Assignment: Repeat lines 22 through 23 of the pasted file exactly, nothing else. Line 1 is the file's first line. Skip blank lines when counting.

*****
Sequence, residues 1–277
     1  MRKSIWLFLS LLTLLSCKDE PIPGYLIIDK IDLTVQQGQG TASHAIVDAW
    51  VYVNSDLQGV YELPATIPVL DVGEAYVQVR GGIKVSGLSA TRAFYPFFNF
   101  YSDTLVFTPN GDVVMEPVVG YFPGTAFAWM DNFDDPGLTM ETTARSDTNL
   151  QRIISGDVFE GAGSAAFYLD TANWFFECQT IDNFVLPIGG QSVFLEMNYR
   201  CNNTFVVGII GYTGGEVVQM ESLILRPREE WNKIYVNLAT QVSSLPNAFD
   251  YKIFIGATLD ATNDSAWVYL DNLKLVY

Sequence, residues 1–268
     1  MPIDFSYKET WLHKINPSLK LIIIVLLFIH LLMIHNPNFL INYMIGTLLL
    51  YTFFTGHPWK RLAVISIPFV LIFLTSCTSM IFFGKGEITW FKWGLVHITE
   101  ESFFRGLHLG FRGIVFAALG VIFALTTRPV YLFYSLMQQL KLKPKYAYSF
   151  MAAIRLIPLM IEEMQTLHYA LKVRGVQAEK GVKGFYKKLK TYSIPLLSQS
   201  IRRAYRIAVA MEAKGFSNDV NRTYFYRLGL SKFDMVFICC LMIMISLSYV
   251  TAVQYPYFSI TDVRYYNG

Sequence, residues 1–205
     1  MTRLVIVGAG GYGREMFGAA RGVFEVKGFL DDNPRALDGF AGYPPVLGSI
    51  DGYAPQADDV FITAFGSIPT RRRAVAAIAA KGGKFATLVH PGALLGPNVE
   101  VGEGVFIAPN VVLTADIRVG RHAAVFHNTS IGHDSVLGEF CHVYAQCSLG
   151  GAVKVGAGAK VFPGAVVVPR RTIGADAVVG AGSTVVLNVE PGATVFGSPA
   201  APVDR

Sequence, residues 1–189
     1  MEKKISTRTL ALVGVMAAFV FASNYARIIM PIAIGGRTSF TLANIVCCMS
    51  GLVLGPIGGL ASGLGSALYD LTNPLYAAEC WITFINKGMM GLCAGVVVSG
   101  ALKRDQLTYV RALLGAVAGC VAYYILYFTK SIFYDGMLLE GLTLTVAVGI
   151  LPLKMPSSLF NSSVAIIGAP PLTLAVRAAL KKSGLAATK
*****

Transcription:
     1  MEKKISTRTL ALVGVMAAFV FASNYARIIM PIAIGGRTSF TLANIVCCMS
    51  GLVLGPIGGL ASGLGSALYD LTNPLYAAEC WITFINKGMM GLCAGVVVSG